Learning to manage your strengths is not just about doing certain things more often. Before we can do that it is necessary to make space in our life by identifying the things that take energy away from us and doing them less. While people like to take this concept on board with things they don’t like doing that much anyway, sometimes questions arise when tests such as the Realise2 strengths assessment state that ‘gratitude’ or ‘optimism’ is a learned behaviour and should therefore be performed less.
A learned behaviour is something that you are good at but that takes energy away from you, while you are doing it. But is it really a good idea to be less optimistic or less grateful? After all study after study indicates that gratitude and optimism are good for us. Why reduce those behaviours? The answer is that sometimes strengths need to be traded off against each other. Imagine you are at a café and the service was really bad. Normally when leaving you would say goodbye and thank you very much to the waiter. While this would be what manners dictate and what a grateful person would do notice how you would be dishonest: actually the dismal service made you feel bad so saying thank you would clash with authentically expressing your emotions. Freeing yourself from the obligation to express gratitude (which is not genuine gratitude anyway) could set some energy free.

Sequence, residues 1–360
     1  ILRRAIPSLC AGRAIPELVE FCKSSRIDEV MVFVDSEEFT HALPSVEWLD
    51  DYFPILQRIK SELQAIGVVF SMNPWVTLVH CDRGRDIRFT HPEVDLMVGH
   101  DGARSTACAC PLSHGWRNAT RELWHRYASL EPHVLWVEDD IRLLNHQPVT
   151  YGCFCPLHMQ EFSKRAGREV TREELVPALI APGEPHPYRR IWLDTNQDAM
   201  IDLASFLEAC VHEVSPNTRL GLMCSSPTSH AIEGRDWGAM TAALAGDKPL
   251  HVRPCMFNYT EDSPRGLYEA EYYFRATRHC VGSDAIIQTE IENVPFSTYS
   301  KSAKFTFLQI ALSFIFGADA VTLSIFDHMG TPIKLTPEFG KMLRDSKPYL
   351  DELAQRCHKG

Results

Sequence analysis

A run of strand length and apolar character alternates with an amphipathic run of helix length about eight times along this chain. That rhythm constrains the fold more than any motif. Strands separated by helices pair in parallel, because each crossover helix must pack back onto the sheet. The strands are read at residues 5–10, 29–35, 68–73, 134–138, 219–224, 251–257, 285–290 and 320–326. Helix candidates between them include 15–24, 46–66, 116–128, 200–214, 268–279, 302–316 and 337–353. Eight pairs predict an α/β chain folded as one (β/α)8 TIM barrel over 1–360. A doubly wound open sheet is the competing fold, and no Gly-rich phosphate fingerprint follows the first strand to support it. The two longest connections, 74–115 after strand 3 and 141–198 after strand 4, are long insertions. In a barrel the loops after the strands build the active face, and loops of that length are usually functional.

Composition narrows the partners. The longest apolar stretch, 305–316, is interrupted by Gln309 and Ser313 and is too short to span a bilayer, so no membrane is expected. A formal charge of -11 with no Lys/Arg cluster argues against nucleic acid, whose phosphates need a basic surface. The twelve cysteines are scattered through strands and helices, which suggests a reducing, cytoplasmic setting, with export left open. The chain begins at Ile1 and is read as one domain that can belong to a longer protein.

So doing less, even if it is less of the good stuff, can sometimes help us be more authentic. That is likely to energise us and when we are energised, chances are, that we will eventually feel good and authentic gratitude or optimism might be experienced.